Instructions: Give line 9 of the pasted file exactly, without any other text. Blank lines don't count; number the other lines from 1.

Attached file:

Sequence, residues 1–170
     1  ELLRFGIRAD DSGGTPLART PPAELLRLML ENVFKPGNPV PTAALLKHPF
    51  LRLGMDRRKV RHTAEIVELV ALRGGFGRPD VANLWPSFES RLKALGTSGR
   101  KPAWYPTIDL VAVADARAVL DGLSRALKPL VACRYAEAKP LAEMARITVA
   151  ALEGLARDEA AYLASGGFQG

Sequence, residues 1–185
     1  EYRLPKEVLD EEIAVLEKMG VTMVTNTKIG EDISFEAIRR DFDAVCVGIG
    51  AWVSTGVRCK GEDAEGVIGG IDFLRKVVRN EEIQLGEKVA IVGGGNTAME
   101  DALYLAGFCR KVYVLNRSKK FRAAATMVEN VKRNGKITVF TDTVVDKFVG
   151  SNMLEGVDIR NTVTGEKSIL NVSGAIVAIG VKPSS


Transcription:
   101  DALYLAGFCR KVYVLNRSKK FRAAATMVEN VKRNGKITVF TDTVVDKFVG